Sacked Zolak won't put season to bed yet

October 09, 1990|By Doug Brown | Doug Brown,Evening Sun Staff

COLLEGE PARK -- Scott Zolak strode briskly into the lobby of Maryland's football building and announced that, yes, his confidence was still intact.

"It's just fine," said the Terps' senior quarterback. "A quarterback's has to be. The guys look up to him."

As Zolak begins a week that will culminate with Maryland's homecoming game against Wake Forest here Saturday, he is trying to put behind him a most unpleasant experience.

He was sacked 10 times in the 31-3 loss to Georgia Tech, after being nailed a total of 15 times in the previous five games. He had season-lows in attempts (33), completions (16) and yards (192).

But Zolak is not slashing his wrists. Nor is coach Joe Krivak toying with the idea of experimenting with a former walk-on, No. 2 QB James Sandwisch, as the starter.

"Scott's the best we've got," said quarterbacks coach Jerry Eisman. "And he does have a gun."

Saturday's catastrophe was by no means all Zolak's fault. He is a fifth-year senior, but is a starter this season for the first time and is making the mistakes of a sophomore.

He plays behind an offensive line that the coaches knew entering the season was perhaps the team's weakest point. Georgia Tech's fierce pass rush underscored the weakness.

"The line accounted for six of the sacks," said offensive line coach John Zernhelt. "We just got beat on those. Our tackles, who have been our strong point, gave up three. That's a concern. But that was typical of the entire day -- no one played particularly well."

"I ran some routes, even short ones, and looked back and Scott was enveloped," said wide receiver Barry Johnson. "There were times when they rushed three and dropped back eight. They took a lot away from him."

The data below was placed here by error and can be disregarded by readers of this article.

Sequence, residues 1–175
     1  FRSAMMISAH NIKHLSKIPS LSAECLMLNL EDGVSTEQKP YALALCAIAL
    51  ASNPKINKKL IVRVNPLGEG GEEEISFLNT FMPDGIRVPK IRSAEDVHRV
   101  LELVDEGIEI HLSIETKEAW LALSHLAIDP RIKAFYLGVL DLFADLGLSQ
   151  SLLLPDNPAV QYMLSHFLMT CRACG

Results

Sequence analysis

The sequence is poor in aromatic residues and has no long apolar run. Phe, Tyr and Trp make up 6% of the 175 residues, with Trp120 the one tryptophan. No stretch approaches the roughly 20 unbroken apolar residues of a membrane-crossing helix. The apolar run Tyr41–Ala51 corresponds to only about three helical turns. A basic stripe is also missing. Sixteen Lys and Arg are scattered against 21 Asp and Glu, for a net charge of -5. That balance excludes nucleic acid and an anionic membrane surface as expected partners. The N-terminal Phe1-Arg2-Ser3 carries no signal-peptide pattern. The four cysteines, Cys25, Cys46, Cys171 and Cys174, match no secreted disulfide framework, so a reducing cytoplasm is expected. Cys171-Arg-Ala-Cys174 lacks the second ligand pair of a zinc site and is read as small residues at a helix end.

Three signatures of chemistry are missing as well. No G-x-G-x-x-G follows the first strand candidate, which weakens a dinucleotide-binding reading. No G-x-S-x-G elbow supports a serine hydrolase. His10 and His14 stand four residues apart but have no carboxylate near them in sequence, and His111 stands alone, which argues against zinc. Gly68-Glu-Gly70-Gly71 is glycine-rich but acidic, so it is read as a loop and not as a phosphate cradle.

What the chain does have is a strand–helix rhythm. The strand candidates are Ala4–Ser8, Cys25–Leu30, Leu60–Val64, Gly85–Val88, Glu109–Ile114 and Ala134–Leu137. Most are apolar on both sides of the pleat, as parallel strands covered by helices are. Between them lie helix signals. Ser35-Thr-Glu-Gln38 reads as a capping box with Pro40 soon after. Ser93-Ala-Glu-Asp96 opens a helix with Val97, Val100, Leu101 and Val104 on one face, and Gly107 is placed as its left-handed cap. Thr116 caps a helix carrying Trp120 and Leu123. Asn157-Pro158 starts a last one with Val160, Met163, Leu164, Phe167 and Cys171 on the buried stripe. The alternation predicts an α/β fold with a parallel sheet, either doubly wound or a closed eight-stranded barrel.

On top of the relentless rush, Tech's other defenders often blanketed Maryland's receivers.

"As a result of that combination, the rush got to him," Eisman said. "When you throw 50 times a game [an average of 45 times entering the game], teams are going to lay their ears back sometimes and come after you. We know Scott's not real maneuverable."

That's putting it gently. At 6 feet 5, 221 pounds, Zolak is gawky and simply isn't fast or quick enough to escape from pursuers.

"That's why we put the shotgun formation in, to give him more time to read," Eisman said. "In certain patterns, he has a progression of one, two, three receivers to read. But there are times when he reads the first and doesn't have time for the second. So it's a matter of his protection breaking down, receivers not being open or Scott not always reading like he's supposed to."

Zolak bristles at the suggestion he doesn't read the field quickly enough.

"My reads are fine," he said. "Georgia Tech just covered good. When they're covered and you're rushed, you need a great throw. It's hard to make great throws every time.

"A lot of times I read one, two, three and have to eat the ball. I wasn't going to force anything and try to make something out of nothing. Tech had the best defense so far."

Still another part of the problem is Maryland's inadequate running game. The Terps have averaged only 1.8 yards a carry while accumulating a meager 339 yards rushing in six games to their opponents' 796. Small wonder, then, defenders "lay their ears back," as Eisman said, and head for Zolak.

"A running game could take some pressure off," Eisman said.

"We have five games left," Zolak said resolutely. "We're not out of anything."

Not yet, perhaps. But the Terps must sweep their next three games -- against Wake, Duke and North Carolina -- to ensure a winning season.

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